What do we celebrate on Palm Sunday?

Although these days Palm Sunday has lost many of its followers, as society has become more secular, just a few decades ago it was very common to see whole families in their Sunday best blessing woven palm leaves and laurel bouquets In fact this festival derives from the art of making ornamental palm leaves, a traditional craft now in decline. But why did people used to celebrate Palm Sunday so much? And what do palm leaves and branches have to do with final days in Jesus’ life?

In Christianity, Palm Sunday recalls the moment Jesus Christ entered Jerusalem with his disciples. It was the last time that Jesus went to Jerusalem and, according to the Bible, that took place at the start of the last week of his life, a few days before the Last Supper. So this festival marks the Passion narrative. Despite the fact that the four Evangelists refer to the scene, they don’t agree on the day. According to Mark and John it was Sunday, Mathew says it was Monday and Luke doesn’t mention a day.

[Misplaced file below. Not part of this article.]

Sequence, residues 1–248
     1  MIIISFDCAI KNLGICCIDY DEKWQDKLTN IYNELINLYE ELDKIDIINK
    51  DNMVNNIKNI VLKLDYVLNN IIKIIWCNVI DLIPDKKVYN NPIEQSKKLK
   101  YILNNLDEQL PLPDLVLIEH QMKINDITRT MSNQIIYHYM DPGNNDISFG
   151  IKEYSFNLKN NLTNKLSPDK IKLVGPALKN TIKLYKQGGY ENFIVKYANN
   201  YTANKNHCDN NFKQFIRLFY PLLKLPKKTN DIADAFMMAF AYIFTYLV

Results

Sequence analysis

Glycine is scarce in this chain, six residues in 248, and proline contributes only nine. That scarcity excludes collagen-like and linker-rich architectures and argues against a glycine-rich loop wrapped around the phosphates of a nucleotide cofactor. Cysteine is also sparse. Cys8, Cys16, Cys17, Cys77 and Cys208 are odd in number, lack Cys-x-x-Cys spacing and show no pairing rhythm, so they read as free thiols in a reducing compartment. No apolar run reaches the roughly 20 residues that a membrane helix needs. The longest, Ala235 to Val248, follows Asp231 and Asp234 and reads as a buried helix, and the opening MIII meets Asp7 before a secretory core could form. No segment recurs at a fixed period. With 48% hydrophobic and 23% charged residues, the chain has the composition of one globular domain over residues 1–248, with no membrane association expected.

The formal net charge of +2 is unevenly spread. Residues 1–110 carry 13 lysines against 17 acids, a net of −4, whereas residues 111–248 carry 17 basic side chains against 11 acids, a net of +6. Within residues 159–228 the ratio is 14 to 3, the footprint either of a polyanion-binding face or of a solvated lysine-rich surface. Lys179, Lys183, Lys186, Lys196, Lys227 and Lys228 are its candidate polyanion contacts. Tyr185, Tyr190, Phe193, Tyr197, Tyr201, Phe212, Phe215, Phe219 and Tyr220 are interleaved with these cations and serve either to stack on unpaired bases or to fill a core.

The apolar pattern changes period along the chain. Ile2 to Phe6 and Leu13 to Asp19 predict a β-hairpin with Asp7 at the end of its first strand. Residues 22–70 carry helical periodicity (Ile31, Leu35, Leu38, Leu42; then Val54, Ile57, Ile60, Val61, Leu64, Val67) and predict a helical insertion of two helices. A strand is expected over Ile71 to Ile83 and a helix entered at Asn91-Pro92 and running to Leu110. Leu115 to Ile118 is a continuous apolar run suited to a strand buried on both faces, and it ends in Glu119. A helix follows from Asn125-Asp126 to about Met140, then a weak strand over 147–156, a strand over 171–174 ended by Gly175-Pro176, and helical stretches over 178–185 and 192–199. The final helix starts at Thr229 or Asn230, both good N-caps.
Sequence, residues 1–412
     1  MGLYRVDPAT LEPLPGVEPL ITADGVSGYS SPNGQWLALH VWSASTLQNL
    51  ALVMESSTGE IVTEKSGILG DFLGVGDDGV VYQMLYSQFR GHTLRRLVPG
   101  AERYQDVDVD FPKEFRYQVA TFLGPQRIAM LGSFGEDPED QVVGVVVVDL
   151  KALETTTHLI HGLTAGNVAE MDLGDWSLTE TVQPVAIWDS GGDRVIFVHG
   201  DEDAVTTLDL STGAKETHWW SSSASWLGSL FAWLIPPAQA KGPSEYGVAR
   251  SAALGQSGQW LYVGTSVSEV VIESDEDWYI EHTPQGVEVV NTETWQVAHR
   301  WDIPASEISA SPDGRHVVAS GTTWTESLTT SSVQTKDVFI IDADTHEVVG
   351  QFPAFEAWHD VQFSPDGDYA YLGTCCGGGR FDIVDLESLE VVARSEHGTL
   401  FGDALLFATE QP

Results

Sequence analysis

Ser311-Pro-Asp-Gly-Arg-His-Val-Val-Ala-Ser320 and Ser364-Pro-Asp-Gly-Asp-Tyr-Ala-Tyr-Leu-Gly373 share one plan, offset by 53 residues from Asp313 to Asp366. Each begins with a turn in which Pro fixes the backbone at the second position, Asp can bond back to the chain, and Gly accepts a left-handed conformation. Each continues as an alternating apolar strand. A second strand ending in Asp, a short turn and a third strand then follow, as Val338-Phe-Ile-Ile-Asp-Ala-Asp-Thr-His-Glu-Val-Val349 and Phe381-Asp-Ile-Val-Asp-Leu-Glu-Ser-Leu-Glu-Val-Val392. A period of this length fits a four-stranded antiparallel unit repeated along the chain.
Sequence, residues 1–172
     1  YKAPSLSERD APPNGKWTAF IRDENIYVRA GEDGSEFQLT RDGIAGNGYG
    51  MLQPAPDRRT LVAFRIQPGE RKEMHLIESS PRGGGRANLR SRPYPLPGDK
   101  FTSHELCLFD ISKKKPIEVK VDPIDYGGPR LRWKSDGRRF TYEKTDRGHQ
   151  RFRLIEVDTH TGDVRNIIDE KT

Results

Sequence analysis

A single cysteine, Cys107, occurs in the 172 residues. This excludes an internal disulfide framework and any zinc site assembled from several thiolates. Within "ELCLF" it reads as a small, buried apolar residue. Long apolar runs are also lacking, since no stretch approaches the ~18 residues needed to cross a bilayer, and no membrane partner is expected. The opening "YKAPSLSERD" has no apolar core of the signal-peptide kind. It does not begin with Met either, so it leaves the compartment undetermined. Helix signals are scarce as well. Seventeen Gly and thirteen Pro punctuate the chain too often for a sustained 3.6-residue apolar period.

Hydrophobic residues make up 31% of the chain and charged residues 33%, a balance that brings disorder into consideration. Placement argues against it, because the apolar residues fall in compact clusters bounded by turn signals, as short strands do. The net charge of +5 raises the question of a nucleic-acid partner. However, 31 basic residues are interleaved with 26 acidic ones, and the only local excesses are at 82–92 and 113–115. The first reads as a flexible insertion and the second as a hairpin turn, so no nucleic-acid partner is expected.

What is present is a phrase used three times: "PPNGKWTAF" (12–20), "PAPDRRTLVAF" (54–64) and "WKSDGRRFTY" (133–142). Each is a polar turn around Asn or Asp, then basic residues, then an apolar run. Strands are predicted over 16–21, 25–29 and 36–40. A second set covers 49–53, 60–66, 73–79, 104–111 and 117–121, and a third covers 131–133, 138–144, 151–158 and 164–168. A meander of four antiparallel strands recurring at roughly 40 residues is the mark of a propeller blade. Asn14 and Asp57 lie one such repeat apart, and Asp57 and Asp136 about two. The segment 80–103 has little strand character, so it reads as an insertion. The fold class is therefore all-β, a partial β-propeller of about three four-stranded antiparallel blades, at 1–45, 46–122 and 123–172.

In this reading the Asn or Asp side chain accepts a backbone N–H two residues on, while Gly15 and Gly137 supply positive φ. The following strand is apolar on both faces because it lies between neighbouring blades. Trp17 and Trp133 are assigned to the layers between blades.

One thing they do all agree on is the joy with which Jesus was received. They describe how the enthusiastic crowds welcomed him with laurel branches, olive branches and palm leaves, all very common in Jerusalem. And it is to recall that scene that, on Palm Sunday, parishioners go to church with palm leaves and laurel branches which are blessed during the Mass where this part of the Bible is read. In some homes it is still traditional to hang the blessed palm leaf on the balcony and leave it there all year, as it is believed that it gives protection and brings good luck.

The Bible explains the Jesus came from the village of Bethany mounted on a donkey and arrived in Jerusalem at the height of the Passover celebrations on Easter Thursday. This is one of the biggest festivals on the Jewish calendar. It lasts seven days and recalls the Jews’ exodus from Egypt in 1250 BC. Unfortunately, this triumphal welcome did not please the authorities and increased the tension between Jesus and the established powers even further.